Insiders have sold $67.6 million of stock over the past six months with much of this funded by options that were exercised at a $1.50 per share. The CEO has sold $1.0 to $1.5 million of stock on almost a weekly basis (total of $32 million) and continues to not own any direct shares. The Chief Product Officer, Chief Content Office, Chief Marketing Officer, Chief Talent Officer, and various Directors have also sold. We believe this activity is tied to NFLX’s unique compensation policy that minimizes the cost of options on the income statement but essentially allows NFLX to fund some compensation through the balance sheet at the expense of shareholders.
Looking back, and in light of Wible's and Peers's analysis, do you wish you would have handled these two areas of the business -- employee options and the buybacks -- differently?
5. In a recent All Things D interview [mentioned above], Kara Swisher asked you about international expansion. Here's something you said in response: "It takes us one to three years to get a new country profitable for us. Canada [will] be profitable within a year, which is very fast." I was a bit puzzled by that statement. What are you basing that experience on, given the fact that Netflix has not existed in any markets other than the U.S. for that long?
6. When the Sony (NYSE:SNE) content got pulled, Netflix referred to it as a "temporary renewal" on the company blog. Was this another mistake? Exactly what happened there and did it have anything to do with the subsequent end to contract negotiations with Starz (LSTZA)?
7. Lots of people want to know if you feel bad for possibly influencing Whitney Tilson to cover his short of NFLX. Do you?
8. I have used up a lot of space on Seeking Alpha making a pretty bearish case against Netflix. Because neither of us exist in a vacuum and for the sake of perspective, I wanted to afford you some space to talk about something I know you are a big part of. You sit on the board of the California Charter Schools Association (CCSA) and support charter schools throughout the state. Why and how did you get involved with the charter movement?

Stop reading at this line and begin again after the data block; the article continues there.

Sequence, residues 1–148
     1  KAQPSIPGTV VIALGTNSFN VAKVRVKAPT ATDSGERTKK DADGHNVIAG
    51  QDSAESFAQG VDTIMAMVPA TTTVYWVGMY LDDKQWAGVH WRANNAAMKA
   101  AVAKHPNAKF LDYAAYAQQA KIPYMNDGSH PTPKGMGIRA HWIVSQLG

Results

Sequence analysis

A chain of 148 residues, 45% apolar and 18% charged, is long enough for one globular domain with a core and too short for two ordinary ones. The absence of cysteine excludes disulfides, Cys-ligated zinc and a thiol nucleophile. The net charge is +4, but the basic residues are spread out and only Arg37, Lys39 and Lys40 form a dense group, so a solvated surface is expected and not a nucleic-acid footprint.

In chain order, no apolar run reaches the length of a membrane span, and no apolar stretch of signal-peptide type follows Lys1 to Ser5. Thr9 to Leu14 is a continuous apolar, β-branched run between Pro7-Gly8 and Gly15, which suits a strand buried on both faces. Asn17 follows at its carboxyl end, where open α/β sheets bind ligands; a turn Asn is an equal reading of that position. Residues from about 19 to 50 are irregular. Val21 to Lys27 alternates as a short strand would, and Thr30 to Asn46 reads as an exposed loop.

I even threw in a couple of softballs for good measure.
I think it's important for investors to (A) know about this turn of events and (B) see the types of questions the Netflix CEO refuses to answer, directly, and in succession. Compare my slate of questions to the ones others have been able to ask Hastings or CFO David Wells live -- not on the company's Is It Live or Is It Memorex quarterly conference calls -- and the blurbs that make it to publications such as The Wall Street Journal from time to time.
Because of the email format of my would-be interview, I thought a chance existed that it might happen. Hastings had the opportunity to craft solid and targeted answers to direct questions that many investors -- and even Netflix customers -- want answers to. But Hastings refused. Maybe he will turn up elsewhere answering the same questions from a better-known interviewer with a better track record of grilling Silicon Valley CEOs.
Or, maybe as Netflix's apparent disagreement with the SEC, its slow response to successful shareholder proposals, and Hastings' pseudo apology help illustrate, the company has little desire to address key investor concerns, openly and genuinely, in a public forum.
Disclosure: I have no positions in any stocks mentioned, and no plans to initiate any positions within the next 72 hours.